The following is an archived copy of a message sent to a Discussion List run by the Campaign Against Sanctions on Iraq.

Views expressed in this archived message are those of the author, not of the Campaign Against Sanctions on Iraq.

[Main archive index/search] [List information] [Campaign Against Sanctions on Iraq Homepage]

[Date Prev][Date Next][Thread Prev][Thread Next][Date Index][Thread Index]

[casi] 2 comment articles

A couple of cheap polemics, that may nevertheless be of interest. Both are
to appear in the Sept edition of Labour Left Briefing.
Comments appreciated, as always, especially if critical.

Glen Rangwala examines a US agenda fixed on aggression.

When the Prime Minister was touring the Middle East in October last year
to drum up support for the war on Afghanistan, he was unequivocal on one
point. After Blair held talks with Sultan Qaboos, the ruler of Oman, a
senior British official told journalists there would be no steps taken
against Iraq unless there was "absolute evidence" of Iraq's complicity in
the events of 11th September.

Those who attended the meeting, including the BBC political editor,
reporters from the Guardian and the Independent, and the Reuters
correspondent, all came to the view that Blair was attempting to reassure
the Arab world of the limited aims of the "war against terror". The
message was that the Arab countries could endorse or acquiesce in the war
against Afghanistan without fearing a new regional conflagration.

Defence Secretary Geoff Hoon emphasised the point at a London press
conference later that month: "There is no hidden agenda; this is not a
prelude to a wider war. Our objectives are linked to the events of 11th
September ... there is no evidence linking Iraq to the events of 11th
September; there is no evidence either so far that links Iraq to the
anthrax attacks in the United States. It's important that we emphasise
those things."

The about-turn in the government's position, with tacit though substantial
support now for US plans to invade Iraq, amounts to more than Blair's
willingness to be blown whichever way the wind from across the Atlantic
sends him. It demonstrates the loss of Britain's credibility as an
independent actor in the diplomatic world. On 22nd August, Jack Straw
flickered back into life to tell the BBC that the prospects for an
invasion of Iraq would "recede" if Iraq readmitted weapons inspectors.
Even if Straw had ruled out British participation in an invasion if
weapons inspectors were admitted - which he did not do - it would be
difficult to take him seriously, given how easily British ministers have
switched position on Iraq whenever US leaders lay down the line.

In fact the Bush administration has abandoned all effort to induce the
Iraqi government to allow weapons inspections. During August, Secretary of
State Colin Powell, Defence Secretary Donald Rumsfeld and National
Security Adviser Condoleezza Rice joined the president and vice-president
in asserting that renewed inspections would not be sufficient to alter the
aim of toppling the Iraqi leadership. Most explicit in this regard was
John Bolton, US under-secretary for arms control, who told the BBC on 3rd
August: "Our policy ... insists on regime change in Baghdad and that
policy will not be altered, whether inspectors go in or not." In contrast
to British statements that Iraq should implement Security Council
resolutions, Bolton has gone on record - in an article entitled "Is There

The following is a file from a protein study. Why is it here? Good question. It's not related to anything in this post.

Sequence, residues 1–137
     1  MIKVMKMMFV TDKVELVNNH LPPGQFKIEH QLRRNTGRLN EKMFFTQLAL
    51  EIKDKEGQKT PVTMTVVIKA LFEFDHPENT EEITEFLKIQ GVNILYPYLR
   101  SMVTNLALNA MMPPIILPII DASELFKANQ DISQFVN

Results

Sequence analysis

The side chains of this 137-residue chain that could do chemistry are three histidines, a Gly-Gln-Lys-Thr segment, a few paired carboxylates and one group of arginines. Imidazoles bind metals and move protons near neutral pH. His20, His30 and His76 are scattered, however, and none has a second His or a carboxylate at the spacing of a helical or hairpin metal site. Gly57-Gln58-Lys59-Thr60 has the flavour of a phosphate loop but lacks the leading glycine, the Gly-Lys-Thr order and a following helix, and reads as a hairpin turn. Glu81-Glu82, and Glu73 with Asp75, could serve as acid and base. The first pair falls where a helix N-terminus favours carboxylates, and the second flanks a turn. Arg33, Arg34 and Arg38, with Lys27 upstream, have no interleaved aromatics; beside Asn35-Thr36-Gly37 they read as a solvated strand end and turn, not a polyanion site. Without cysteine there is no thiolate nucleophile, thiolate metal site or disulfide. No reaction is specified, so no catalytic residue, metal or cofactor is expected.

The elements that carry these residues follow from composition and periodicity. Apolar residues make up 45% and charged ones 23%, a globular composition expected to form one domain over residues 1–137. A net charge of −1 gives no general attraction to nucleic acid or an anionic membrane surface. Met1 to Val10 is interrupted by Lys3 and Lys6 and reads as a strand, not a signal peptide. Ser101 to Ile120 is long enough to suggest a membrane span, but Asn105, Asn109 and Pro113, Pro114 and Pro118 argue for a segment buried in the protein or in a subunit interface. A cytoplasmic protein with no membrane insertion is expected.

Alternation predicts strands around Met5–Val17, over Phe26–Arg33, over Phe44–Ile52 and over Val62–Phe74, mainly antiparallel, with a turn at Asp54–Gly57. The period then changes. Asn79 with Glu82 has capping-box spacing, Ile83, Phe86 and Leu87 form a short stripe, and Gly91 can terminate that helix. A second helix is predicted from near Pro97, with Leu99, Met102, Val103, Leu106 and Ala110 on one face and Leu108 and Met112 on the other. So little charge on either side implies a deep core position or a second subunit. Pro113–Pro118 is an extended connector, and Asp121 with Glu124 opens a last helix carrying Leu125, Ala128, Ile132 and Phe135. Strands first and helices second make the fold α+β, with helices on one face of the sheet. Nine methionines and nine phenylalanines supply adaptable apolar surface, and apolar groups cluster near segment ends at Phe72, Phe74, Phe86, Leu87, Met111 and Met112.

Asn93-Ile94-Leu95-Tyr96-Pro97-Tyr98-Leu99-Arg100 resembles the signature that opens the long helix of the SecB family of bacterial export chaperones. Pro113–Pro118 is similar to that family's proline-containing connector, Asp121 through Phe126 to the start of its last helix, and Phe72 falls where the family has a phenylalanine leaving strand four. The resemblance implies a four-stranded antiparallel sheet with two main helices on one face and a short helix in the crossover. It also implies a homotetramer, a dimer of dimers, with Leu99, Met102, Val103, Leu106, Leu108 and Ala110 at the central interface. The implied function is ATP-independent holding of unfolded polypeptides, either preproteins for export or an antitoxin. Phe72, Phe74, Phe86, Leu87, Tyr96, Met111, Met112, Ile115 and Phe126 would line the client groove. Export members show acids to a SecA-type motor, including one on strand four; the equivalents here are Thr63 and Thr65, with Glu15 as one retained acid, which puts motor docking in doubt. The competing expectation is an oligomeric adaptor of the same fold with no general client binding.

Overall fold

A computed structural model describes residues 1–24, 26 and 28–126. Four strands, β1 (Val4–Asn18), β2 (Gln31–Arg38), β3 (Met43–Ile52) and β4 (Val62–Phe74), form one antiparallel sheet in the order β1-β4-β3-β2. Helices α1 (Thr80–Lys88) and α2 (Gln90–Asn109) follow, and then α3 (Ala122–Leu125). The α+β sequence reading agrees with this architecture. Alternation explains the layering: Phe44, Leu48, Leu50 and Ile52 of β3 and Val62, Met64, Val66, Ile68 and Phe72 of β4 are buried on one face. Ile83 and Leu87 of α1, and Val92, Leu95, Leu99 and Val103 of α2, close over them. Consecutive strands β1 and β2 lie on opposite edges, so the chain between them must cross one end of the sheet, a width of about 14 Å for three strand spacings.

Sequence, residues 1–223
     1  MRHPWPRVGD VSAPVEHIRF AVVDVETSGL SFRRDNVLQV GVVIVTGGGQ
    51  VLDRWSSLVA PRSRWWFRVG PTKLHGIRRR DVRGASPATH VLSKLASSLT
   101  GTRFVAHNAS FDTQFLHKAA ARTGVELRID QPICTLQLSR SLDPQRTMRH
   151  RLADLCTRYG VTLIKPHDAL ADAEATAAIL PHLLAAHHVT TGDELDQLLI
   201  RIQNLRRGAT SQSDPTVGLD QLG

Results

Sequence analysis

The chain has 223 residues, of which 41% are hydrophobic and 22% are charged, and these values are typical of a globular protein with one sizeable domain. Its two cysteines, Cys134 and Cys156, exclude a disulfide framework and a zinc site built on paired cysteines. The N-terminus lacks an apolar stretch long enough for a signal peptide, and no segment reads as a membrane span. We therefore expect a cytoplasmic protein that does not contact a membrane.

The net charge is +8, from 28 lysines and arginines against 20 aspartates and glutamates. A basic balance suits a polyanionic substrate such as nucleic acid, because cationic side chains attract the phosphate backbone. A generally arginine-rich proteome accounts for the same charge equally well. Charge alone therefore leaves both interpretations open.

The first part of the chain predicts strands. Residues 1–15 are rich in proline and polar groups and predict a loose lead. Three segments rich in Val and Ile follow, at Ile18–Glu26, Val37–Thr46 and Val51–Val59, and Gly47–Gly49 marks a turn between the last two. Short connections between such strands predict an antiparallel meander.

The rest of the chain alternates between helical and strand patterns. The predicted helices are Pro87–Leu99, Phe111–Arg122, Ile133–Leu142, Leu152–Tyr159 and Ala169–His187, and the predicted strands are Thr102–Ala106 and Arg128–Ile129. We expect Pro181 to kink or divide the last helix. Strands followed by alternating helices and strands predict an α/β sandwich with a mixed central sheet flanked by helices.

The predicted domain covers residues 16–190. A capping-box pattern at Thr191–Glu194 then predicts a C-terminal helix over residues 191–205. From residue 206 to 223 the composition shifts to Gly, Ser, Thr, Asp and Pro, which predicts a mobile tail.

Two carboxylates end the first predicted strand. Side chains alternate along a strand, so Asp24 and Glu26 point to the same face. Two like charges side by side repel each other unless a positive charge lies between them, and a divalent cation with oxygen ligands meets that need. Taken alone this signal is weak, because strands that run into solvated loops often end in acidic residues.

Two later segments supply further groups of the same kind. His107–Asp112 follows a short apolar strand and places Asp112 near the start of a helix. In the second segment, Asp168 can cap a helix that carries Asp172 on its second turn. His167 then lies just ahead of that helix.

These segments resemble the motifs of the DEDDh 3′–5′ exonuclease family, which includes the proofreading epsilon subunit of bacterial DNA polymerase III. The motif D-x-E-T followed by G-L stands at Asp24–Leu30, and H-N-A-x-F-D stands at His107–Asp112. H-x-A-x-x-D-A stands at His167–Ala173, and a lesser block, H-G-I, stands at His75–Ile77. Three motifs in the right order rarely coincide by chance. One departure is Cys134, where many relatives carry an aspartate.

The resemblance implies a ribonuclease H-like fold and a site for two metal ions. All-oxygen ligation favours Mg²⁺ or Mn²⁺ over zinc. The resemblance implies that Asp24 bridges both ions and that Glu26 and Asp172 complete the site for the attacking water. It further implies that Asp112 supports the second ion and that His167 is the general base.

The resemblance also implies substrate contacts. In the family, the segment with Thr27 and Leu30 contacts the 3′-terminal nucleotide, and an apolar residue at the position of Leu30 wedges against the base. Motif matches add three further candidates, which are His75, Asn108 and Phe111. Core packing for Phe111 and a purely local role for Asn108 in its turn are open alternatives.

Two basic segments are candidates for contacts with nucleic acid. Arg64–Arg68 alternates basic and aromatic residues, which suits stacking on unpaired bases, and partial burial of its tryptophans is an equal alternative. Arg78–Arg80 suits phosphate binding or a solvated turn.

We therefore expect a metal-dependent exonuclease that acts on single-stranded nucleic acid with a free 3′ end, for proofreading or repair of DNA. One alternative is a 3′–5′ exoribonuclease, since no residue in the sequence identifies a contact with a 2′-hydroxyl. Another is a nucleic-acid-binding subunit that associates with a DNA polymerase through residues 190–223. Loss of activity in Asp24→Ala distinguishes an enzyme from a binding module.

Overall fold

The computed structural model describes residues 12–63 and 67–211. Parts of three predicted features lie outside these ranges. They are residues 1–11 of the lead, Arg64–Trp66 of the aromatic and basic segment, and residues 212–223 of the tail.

Really 'Law' in International Affairs?" - to claim that international law
is a malicious figment of the academic imagination, harmful to the pursuit
of national interests, and best ignored. He presumably believes that
Security Council resolutions - effective only due to a particular legal
treaty, the United Nations Charter - are also best brushed aside when

Hans Blix, the current head of the weapons inspectorate (Unmovic), said on
18th August that, "if the Iraqis conclude that an invasion by someone is
inevitable then they might conclude that it's not very meaningful to have
inspections." It even has a clear disincentive if it believes that the
weapons inspectors will - like their predecessors in Unscom - collect
information that the US government would use to plot its overthrow or
provoke crises that will be used to justify the bombing of Iraq. That
Unscom was engaged in such actions is now beyond doubt. Its executive
director from 1991 to 1997, Rolf Ekéus, said on Swedish radio at the end
of July that the US tried to gather information about Iraq's security
services, its conventional military capacity and even the location of
Saddam Hussein through the supposedly impartial weapons inspections
programme. It is not hard to guess why the US wanted such information.

Given this, Iraq has tried to obtain assurances from the UN that the
readmittance of inspectors would be linked to an end to the US agenda of
"regime change". It put a series of questions, some of which were on this
theme, to the UN Security Council in March this year. A US spokesman
dismissed these questions as a "distraction" and the US mission at the UN
blocked the Security Council from making a reply.

Since March, Iraq has also been making offers to allow inspections by
experts from the US and UK. None of these offers have met the UN standard
for unlimited and unimpeded access, and have been rejected for that reason
by the UK. However, it could be more relevant to consider how such
inspections could help uncover Iraq's non-conventional weapons, if fears
about these are genuine.


What regime change?

Glen Rangwala surveys the former associates of Saddam Hussein that the US
is planning to install in Iraq.

For those on the left who recognise that the current Iraqi government is
one of the most repressive in the world today, casting aspersions on Iraqi
opposition movements must seem to be a rancorous, even perfidious,
activity. Many in these movements have suffered directly at the hands of a
regime that has committed violations of human rights on a scale that is -